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3 Ways to Reduce Soreness in the Gym

You just crushed a killer workout and couldn’t be more proud of yourself. Your head hits the pillow and you smile as you drift off to sleep, knowing you’re one step closer to your goals.

Then, the next morning, you roll out of bed. Your feet hit the floor and bam! You feel like you’ve been hit by a bus. Your legs are heavy, your abs are throbbing and you can barely lift your arms. Hello, delayed-onset muscle soreness (DOMS).

You can hardly move, so you’d better skip today’s workout, right? Not so fast. There’s no need to skip the gym just because you’re sore. In fact, there are a handful of things you can do in the gym that will make you feel better. So before you plop your aching bones on the couch, let’s uncover why you get sore and offer some proactive recovery methods.


Your muscles get sore for multiple reasons. When you exercise, you create stress on your body’s tissues, including the muscles, tendons, ligaments and bones. Most exercises involve eccentric stress, which means your muscles contract in a lengthened state. Imagine lowering the bar toward your chest on a bench press or your legs absorbing the landing on each stride while running; these involve eccentric muscle actions.

This causes microscopic tears in your muscle fibers as well as a small amount of inflammation, leading to DOMS. Soreness tends to be worse when you haven’t worked out in a while or you try new exercises. Either way, it’s no fun, but there’s plenty you can do to make yourself feel better.


Studies suggest that foam rolling before and/or after a workout can help reduce muscle soreness. Researchers theorize that foam rolling increases blood flow, reduces muscle tension and improves range of motion, all of which can help you feel and move better.


There are no firm conclusions about how much to foam roll, but many studies suggest that 30–60 seconds per muscle group may be enough to reduce soreness. Daily foam rolling also seems to be more effective than infrequent rolling, so do a little bit every day to feel better and stay limber.

Sure, DOMS makes it uncomfortable to move, but if you can muster the courage to get moving, light exercise can make you feel better. It sounds counterintuitive, but it works.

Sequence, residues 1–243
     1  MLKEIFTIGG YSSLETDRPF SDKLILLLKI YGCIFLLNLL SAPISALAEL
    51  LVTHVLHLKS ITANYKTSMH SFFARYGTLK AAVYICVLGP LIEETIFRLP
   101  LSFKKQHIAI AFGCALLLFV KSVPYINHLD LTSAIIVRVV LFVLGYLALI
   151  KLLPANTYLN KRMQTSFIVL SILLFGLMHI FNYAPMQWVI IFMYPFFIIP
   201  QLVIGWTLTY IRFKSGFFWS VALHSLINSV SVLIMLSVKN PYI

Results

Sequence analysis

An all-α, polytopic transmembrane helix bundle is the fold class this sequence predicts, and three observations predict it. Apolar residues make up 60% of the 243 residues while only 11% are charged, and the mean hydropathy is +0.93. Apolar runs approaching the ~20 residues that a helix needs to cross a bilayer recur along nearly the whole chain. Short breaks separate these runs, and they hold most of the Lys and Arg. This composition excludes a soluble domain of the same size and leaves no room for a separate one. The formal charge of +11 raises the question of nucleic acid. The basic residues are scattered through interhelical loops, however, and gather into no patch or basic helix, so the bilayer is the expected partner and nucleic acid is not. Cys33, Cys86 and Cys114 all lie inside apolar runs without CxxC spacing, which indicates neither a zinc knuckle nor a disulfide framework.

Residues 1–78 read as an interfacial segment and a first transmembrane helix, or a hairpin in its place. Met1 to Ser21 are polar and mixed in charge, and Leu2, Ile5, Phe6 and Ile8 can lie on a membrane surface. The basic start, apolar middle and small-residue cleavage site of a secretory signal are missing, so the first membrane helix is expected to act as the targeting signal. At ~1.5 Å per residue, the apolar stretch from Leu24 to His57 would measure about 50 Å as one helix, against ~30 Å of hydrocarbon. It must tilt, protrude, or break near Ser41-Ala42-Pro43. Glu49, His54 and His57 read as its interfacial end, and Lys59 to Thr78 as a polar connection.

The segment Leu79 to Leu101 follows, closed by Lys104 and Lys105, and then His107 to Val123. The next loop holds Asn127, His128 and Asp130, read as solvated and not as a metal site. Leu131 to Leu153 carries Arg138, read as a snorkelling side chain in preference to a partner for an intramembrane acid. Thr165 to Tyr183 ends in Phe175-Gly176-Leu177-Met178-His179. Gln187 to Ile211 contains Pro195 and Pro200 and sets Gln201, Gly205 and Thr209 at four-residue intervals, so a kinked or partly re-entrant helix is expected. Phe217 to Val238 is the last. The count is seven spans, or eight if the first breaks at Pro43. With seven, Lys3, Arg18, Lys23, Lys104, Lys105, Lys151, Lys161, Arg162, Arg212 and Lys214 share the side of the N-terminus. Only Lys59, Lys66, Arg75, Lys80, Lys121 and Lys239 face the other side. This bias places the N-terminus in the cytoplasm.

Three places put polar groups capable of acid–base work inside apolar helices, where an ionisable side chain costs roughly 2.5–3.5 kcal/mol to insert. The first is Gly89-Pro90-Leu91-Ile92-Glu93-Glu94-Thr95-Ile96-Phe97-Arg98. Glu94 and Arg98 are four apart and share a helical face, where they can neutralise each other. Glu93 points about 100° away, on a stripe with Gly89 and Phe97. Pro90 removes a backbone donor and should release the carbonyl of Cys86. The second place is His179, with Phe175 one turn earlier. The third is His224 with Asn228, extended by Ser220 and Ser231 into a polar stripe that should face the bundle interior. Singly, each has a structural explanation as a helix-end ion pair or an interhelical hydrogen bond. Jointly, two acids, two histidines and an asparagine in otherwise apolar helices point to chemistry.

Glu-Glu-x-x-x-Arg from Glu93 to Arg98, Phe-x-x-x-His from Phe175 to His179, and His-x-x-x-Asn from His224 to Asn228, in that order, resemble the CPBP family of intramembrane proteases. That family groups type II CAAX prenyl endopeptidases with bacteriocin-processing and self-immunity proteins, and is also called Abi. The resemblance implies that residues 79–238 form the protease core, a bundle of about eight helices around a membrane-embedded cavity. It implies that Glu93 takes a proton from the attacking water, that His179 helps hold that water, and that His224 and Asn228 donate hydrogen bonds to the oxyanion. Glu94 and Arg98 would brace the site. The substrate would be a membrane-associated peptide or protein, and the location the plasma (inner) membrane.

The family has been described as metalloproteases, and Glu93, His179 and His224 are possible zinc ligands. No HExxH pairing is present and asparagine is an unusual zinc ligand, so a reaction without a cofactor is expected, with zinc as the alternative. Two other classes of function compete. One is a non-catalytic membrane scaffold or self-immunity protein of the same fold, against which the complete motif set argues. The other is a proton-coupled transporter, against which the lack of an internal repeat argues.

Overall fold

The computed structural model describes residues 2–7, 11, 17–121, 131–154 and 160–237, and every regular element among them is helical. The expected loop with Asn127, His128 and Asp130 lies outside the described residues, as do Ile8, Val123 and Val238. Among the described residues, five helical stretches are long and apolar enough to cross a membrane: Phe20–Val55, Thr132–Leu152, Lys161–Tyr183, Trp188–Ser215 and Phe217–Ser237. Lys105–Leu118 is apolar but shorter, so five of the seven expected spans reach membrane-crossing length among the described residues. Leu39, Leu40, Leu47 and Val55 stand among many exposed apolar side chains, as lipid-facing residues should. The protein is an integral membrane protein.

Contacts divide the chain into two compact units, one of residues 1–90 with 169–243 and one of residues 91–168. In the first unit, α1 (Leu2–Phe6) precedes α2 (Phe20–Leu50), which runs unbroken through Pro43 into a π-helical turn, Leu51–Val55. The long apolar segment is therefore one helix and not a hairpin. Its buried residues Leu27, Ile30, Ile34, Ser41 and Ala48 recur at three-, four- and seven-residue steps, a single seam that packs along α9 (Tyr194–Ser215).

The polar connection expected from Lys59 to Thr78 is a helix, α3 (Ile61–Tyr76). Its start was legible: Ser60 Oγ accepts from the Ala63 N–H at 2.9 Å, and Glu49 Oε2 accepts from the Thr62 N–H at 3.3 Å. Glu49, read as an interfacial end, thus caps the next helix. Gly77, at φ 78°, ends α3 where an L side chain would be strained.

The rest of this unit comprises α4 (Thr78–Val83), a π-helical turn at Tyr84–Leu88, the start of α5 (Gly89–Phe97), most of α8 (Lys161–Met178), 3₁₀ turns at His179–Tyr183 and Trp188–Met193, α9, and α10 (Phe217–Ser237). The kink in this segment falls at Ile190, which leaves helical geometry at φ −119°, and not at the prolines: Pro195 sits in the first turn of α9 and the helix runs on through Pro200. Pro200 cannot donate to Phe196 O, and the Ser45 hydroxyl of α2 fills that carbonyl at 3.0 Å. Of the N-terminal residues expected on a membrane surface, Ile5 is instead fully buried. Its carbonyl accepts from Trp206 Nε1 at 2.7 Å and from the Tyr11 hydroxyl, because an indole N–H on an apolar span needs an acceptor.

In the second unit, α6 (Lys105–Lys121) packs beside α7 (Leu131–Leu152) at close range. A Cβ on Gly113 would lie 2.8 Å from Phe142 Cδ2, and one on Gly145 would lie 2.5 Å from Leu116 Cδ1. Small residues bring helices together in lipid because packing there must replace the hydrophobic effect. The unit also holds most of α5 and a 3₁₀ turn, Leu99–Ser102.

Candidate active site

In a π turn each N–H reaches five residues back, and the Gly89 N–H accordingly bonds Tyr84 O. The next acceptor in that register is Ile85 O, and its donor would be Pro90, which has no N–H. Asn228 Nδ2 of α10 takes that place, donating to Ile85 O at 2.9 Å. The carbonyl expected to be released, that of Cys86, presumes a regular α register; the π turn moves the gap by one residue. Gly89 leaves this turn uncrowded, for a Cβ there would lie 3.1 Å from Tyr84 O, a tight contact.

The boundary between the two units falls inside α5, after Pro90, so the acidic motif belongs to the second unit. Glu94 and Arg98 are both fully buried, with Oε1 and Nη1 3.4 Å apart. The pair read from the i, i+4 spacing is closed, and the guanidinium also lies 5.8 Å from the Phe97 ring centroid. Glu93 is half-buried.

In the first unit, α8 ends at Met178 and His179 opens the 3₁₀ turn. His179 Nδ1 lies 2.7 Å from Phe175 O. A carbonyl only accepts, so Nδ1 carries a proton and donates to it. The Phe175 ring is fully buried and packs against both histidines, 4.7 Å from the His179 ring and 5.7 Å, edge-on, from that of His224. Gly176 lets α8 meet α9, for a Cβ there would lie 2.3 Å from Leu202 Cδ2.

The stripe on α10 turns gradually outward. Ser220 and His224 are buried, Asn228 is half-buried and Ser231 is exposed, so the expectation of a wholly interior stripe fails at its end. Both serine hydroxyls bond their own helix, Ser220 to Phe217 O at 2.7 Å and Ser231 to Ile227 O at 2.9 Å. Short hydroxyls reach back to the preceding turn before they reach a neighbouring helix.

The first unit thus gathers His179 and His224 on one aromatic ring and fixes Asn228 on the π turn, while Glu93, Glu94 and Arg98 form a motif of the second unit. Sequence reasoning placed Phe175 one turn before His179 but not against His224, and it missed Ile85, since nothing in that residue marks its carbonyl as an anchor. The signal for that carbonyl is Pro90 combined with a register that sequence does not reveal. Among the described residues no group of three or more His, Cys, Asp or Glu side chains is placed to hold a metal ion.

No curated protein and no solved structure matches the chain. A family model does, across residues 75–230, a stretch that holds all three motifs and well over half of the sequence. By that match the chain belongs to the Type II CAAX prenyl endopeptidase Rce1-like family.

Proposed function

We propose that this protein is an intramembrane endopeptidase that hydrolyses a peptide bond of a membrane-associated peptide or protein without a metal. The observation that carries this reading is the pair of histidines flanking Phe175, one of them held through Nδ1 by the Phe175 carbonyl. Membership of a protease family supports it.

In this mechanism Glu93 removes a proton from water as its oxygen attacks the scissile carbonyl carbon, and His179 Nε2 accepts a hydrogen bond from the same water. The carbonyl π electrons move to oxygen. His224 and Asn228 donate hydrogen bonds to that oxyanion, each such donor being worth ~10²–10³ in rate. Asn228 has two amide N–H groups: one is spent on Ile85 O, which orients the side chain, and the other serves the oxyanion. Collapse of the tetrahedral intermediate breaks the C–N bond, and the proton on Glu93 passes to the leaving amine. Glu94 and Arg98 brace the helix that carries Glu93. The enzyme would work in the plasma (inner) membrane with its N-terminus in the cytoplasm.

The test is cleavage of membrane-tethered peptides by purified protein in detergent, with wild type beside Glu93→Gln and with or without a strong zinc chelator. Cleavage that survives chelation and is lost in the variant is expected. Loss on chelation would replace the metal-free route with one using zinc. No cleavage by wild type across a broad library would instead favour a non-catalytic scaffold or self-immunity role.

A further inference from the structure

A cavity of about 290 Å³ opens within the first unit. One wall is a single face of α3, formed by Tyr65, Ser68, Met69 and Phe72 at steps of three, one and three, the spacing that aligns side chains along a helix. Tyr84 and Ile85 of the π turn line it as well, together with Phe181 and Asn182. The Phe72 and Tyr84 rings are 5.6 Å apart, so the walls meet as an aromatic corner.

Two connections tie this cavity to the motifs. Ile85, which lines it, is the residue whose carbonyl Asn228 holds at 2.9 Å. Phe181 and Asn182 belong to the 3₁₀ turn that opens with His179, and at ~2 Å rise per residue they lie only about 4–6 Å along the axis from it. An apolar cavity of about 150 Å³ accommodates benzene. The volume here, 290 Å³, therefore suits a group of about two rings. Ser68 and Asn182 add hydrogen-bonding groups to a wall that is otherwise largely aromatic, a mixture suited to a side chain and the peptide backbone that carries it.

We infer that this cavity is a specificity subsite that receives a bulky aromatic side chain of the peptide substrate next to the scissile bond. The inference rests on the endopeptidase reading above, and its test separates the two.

Research suggests active recovery (such as light jogging, strength training or mobility exercises) is superior to stretching when it comes to recovery. In fact, further studies show stretching actually does very little to reduce DOMS. So even if you’re tempted to skip the gym because you’re sore, just get there and start warming up. It’s likely that after a few minutes, you’ll feel better and will be able to perform your workout as planned.

Nutrition plays a huge role in any fitness goal. That’s probably why you came to MyFitnessPal in the first place! The right post-workout nutrition can reduce DOMS and get you feeling normal again.

Protein is the building block of muscles and studies show consuming whey protein after working out can help your muscles recover faster. That’s because whey protein ramps up muscle protein synthesis, which means your body gets to work faster to rebuild all the tissue you broke down while exercising.

How much protein do you need? The general consensus is athletes and active individuals need about 0.68–1 gram per pound of bodyweight per day. A post-workout drink that contains 20 or more grams of protein as part of a balanced diet should do the trick.


A more recent study suggests that adding antioxidants to your post-workout meal can help you recover faster than you would by using whey protein alone, so try eating antioxidant-rich foods such as blueberries, cranberries or raspberries after your workout.


Don’t let DOMS stop you in your tracks. Take the initiative to reduce soreness and stay on the path toward your fitness goals.

The post 3 Ways to Reduce Soreness in the Gym appeared first on Under Armour.

(via MyFitnessPal Blog)

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